Comparison Between The Bacchae and The Medea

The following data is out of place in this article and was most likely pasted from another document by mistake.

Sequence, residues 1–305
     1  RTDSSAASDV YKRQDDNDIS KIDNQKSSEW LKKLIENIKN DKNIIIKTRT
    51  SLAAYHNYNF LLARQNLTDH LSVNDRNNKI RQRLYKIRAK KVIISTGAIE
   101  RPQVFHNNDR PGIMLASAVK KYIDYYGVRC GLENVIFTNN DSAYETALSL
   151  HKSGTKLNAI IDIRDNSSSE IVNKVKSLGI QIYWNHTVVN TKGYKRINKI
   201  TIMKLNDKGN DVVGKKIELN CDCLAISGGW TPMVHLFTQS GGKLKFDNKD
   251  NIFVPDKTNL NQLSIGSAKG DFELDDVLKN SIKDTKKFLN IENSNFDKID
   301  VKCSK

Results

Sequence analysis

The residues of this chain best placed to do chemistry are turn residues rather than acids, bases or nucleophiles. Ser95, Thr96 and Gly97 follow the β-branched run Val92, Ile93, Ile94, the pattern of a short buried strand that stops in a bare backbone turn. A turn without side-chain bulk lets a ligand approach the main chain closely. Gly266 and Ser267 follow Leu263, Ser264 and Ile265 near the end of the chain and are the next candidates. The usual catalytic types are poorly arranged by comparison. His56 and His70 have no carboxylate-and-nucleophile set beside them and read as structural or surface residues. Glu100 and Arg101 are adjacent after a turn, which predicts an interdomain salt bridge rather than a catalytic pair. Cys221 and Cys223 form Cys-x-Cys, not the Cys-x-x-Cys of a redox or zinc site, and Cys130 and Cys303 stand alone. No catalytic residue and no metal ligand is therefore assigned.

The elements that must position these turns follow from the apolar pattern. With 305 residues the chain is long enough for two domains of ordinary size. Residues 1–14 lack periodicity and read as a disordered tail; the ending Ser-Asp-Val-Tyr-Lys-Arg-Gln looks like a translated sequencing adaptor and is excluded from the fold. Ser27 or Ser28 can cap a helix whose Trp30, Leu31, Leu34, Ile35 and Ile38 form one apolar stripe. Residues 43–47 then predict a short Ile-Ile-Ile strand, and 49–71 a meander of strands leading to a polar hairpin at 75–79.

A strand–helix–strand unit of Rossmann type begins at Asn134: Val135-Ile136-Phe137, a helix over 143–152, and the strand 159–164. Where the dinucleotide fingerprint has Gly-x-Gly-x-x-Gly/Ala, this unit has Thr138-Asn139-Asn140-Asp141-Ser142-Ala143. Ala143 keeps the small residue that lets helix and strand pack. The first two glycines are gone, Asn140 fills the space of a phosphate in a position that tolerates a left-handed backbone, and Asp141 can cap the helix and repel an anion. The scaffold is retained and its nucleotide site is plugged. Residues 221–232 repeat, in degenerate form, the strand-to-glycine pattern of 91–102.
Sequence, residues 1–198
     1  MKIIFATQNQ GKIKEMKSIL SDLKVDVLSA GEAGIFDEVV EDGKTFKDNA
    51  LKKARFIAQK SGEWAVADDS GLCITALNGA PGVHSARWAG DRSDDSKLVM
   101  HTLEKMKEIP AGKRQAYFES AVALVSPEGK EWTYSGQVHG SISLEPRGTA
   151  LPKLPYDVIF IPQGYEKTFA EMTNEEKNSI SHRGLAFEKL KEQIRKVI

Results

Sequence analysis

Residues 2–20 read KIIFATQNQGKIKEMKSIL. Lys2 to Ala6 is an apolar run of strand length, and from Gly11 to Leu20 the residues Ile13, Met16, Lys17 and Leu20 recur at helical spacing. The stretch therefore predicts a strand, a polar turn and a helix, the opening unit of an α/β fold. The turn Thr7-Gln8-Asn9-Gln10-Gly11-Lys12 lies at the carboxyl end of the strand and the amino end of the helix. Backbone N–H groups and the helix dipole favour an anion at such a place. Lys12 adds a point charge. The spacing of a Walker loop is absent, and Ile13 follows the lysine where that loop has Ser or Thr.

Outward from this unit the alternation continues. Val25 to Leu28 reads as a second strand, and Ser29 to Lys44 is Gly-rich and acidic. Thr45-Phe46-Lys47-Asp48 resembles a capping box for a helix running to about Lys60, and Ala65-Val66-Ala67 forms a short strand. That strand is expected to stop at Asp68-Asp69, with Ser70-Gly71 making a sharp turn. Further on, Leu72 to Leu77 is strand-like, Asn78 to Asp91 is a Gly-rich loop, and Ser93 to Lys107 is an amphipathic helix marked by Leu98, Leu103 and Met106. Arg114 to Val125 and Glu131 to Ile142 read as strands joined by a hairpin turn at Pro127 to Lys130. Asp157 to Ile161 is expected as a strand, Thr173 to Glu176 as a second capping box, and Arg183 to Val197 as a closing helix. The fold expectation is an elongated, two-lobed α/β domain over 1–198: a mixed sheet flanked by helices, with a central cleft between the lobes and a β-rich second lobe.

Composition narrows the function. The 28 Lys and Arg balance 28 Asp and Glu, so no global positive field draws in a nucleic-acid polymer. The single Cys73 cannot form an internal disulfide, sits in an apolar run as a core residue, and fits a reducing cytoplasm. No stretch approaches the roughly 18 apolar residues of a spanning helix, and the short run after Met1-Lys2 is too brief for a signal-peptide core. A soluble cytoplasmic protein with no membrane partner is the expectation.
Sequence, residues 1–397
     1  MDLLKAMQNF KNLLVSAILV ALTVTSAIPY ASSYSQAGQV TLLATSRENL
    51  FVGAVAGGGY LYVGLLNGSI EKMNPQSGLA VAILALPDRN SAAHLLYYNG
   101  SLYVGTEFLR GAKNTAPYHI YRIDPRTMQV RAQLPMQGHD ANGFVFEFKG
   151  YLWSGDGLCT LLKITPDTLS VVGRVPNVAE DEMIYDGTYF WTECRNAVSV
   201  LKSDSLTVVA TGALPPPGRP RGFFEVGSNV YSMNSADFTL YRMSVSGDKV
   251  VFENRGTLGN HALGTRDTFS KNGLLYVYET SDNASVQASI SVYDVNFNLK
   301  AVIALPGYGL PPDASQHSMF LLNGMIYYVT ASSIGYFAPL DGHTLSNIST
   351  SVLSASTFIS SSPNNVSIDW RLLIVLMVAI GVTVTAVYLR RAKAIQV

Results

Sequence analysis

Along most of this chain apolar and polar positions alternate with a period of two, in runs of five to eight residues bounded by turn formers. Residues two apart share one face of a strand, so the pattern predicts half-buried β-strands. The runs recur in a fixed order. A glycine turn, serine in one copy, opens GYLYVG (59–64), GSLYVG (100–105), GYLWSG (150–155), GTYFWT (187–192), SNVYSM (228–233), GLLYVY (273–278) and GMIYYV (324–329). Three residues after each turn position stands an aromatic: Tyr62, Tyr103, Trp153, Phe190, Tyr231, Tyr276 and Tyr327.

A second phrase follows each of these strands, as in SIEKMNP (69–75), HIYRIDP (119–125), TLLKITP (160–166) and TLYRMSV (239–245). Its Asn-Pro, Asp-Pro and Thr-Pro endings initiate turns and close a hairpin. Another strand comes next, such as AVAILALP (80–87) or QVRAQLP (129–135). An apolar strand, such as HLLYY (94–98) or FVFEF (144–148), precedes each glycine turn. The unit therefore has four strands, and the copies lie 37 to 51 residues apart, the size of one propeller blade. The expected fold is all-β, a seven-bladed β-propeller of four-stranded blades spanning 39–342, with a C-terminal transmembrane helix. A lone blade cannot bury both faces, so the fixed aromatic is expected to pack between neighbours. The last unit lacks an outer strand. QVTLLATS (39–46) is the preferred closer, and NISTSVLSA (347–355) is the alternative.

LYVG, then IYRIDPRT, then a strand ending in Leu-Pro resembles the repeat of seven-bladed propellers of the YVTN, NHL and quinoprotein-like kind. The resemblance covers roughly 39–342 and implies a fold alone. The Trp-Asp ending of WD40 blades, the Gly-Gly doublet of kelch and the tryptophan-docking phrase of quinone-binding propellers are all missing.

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In Euripides’ The Bacchae and in the Medea, there are significant binary oppositions in both plays. Binary opposition is the two opposite terms, such as good versus bad. Binary opposition is used to present both sides of a contrast (Marvin, 1). In The Bacchae and the Medea, Euripides used binary opposition to highlight the central themes. The significant binary oppositions that are used are men versus women, foreigner versus citizen, and god versus man. The contrast between men versus women is an important opposition in both plays. The women in the Greek society have no control of their life; the men are in control (Barlow 159). In The Bacchae Dionysus underminded the Greek society point view on women and empowers them. Pentheus is furious about Dionysus; he states in this first speech to his Grandfather Cadmus and Tiresias that the women have betrayed their houses to go off into the mountains to dance to Dionysus and are committing sexual acts (Bacchae 217-224). Pentheus is offended that an “effeminate looking stranger” has come into his land and is giving freedom to the women (353). There is a binary opposition between the way Greek society and Pentheus are treating the women (men) versus the way Dionysus treats them (women). In Medea, the society is similar when it comes to men versus women. Barlow states that the “[h]usband have complete physical control of their wives,” which is similar to the society in Bacchae (Barlow 159). Medea is mistreated by almost all the men that she encounters within the play. Jason betrays her and leaves her to marry Creon’s daughter. Creon wants to banish Medea and her two sons from his land (Medea 272-273). When Creon is banishing Medea from his land he has no h... ... middle of paper ... ...gedy happened to Medea she cries out to Zeus, “O Zeus and justice Zeus and light of the Sun”, this line is a prayer to Zeus calling out for help(Medea 764). This is showing that the gods are superior from everybody else, and they are called upon when times go wrong. Work Cited Barlow, Shirley A. “Stereotype and Reversal in Euripides’ Medea”. Greece and Rome 2nd ser 36.2 (1989): 151-171. Print. Euripides. Bacchae, Ed and Trans. Stephen Esposito. Euripides: Four Plays; Medea, Hippolytus, Heracles, Bacchae. Newburyport, MA: Focus, 2004. 205-267. Print. ---. Medea, Trans. A.J. Podlecki. Euripides: Four plays : Medea, Hippolytus Heracles, Bacchae. Ed. Stephen Esposito. Newburyport, MA: Focus, 2004. 205-267. Print. Marvin, Corey. “Understanding Binary Opposition in Literture”, Class Handout: English 101. Cerro Coso Community College, 2010. Print.

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